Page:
And then to the Harbour. I was hunting cormorants, as I have an idea for a picture involving them. They're often sitting around on pontoons or buoys, wings spread in benediction. But there weren't any today. Though there was a nice crop of poppies on Phoenix Quay.
Heading for St Nicholas Market, I saw a peregrine falcon spiralling up in a thermal, high above the spire of Christ Church. I tried, and failed, to get a good photo of it, by which time it was a tiny dot in the sky. A chap with a stall full of very fresh carrots asked if the photography was a hobby.
"It's more a project," I said.
"Would you like some carrots?" he asked, brandishing a bunch.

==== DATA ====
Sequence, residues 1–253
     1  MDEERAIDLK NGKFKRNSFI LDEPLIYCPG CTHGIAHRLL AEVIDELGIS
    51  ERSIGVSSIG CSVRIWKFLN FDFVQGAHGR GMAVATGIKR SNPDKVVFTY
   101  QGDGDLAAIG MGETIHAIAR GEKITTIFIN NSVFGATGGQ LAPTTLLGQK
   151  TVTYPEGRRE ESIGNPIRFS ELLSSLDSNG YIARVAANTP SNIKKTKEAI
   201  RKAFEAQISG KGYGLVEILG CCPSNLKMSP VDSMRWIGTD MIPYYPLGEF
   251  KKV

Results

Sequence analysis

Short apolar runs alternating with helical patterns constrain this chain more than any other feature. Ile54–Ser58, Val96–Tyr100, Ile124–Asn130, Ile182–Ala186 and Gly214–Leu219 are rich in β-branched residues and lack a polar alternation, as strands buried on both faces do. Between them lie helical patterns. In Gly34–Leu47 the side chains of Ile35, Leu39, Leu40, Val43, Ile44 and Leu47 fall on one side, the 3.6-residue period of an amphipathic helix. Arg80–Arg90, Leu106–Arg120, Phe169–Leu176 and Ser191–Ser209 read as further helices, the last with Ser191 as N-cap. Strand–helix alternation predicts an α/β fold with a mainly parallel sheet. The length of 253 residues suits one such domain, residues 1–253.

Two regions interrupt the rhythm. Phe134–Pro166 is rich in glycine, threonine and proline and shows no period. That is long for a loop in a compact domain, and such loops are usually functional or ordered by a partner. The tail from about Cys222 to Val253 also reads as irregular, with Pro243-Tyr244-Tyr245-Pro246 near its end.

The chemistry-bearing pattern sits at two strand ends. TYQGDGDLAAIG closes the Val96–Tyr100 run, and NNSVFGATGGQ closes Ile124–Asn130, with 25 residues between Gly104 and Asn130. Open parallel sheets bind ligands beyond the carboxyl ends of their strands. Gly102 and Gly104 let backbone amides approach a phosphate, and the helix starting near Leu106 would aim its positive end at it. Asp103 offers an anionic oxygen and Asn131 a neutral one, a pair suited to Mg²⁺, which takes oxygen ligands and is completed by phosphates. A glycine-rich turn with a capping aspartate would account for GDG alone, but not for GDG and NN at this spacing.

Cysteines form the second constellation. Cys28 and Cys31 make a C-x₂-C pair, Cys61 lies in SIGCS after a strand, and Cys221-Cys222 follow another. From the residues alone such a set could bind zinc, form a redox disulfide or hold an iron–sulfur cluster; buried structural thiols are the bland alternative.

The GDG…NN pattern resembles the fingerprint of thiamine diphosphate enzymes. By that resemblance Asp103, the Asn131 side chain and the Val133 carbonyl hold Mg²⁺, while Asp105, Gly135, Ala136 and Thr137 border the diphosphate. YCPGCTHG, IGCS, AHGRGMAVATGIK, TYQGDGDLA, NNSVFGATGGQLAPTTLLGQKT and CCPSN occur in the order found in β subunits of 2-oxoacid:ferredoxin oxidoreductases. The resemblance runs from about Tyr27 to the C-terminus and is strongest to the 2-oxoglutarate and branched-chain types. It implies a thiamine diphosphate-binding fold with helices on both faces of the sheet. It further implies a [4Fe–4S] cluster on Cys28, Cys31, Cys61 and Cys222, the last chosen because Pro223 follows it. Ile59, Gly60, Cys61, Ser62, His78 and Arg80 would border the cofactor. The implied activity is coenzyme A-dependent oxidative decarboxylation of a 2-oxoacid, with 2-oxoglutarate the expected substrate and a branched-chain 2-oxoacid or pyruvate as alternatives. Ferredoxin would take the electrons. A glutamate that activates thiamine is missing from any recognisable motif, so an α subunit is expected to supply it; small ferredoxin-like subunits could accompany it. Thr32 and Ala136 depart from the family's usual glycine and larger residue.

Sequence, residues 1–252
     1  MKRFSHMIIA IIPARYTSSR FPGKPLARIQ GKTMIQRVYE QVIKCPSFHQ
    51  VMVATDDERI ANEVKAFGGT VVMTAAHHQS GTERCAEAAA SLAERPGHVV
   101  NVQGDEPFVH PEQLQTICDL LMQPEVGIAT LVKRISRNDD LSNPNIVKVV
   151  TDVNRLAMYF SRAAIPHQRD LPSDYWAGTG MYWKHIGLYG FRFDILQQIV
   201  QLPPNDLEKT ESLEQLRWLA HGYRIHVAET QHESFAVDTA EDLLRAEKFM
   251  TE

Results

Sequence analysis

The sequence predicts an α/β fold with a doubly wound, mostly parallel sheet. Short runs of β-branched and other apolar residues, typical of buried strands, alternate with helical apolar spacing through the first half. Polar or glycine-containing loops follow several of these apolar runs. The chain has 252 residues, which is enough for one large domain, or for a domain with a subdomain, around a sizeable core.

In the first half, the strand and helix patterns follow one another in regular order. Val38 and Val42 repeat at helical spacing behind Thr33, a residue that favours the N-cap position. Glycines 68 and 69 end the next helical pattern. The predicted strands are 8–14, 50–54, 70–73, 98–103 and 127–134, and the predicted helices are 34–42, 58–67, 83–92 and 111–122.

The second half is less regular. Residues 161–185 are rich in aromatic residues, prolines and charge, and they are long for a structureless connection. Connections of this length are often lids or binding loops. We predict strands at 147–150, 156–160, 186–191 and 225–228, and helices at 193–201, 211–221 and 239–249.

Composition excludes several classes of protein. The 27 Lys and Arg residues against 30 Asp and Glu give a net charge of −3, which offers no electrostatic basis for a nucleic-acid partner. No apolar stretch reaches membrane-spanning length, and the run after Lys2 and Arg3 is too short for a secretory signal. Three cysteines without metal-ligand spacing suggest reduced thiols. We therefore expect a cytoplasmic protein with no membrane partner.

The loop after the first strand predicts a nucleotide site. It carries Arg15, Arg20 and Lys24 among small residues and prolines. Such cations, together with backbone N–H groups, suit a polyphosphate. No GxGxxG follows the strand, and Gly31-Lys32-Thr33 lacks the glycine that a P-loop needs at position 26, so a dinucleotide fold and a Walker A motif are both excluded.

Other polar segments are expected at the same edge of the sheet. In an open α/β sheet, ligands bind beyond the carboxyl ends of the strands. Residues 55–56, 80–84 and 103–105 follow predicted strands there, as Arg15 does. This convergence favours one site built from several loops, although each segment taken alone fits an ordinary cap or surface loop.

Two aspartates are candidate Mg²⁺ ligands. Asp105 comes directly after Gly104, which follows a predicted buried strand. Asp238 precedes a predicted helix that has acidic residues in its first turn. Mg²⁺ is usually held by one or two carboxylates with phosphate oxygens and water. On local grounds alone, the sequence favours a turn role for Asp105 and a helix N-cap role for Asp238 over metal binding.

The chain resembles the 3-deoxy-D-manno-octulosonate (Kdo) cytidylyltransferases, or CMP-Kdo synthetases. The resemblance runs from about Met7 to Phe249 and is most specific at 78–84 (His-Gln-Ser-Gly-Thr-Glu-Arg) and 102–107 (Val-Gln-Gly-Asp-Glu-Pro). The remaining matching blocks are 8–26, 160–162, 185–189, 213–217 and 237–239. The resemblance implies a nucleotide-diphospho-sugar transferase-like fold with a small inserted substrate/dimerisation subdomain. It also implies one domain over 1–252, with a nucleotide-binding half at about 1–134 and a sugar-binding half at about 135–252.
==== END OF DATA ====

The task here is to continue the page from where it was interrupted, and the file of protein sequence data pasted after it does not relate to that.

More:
"I'm afraid I've already got some at home," I said.
He wordlessly handed me a single carrot anyway. I was charmed. It's not often that sort of thing happens to me. It was very cheerful, the carrot, with its green frondy stuff waving out of my bike pannier.
So I wrote a crap poem. Which can be more fun than writing a good one.
What profits it the peregrine, if, lofting on the summer breeze,
Above the busy Bristol street where veg is sold and people fret,
And farmers proudly hand out carrots fresh from Somerset,
With green fronds on the top... and higher still he goes, so high that he's
Now almost lost in cloud, become a dot?
I've got the carrot; he has not.